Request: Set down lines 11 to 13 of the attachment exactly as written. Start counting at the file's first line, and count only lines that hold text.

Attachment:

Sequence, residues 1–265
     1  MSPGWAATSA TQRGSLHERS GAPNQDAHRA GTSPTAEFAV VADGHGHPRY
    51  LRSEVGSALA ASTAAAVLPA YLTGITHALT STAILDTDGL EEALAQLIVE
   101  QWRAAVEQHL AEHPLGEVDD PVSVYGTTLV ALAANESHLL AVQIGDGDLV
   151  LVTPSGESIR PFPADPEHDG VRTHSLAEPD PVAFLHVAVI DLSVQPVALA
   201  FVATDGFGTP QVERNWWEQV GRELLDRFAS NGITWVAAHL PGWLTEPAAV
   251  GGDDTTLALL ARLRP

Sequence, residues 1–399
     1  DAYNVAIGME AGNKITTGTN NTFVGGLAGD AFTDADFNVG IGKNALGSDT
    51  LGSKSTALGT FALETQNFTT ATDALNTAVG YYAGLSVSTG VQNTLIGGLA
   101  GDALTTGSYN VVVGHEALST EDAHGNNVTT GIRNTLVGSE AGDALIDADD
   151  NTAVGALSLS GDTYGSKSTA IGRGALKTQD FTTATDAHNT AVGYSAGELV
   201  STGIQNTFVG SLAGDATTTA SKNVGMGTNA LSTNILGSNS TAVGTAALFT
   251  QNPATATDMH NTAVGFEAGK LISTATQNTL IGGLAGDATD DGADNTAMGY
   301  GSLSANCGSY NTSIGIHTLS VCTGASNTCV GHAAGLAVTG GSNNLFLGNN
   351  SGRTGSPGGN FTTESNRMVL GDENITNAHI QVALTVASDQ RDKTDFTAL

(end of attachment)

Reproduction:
   101  GDALTTGSYN VVVGHEALST EDAHGNNVTT GIRNTLVGSE AGDALIDADD
   151  NTAVGALSLS GDTYGSKSTA IGRGALKTQD FTTATDAHNT AVGYSAGELV
   201  STGIQNTFVG SLAGDATTTA SKNVGMGTNA LSTNILGSNS TAVGTAALFT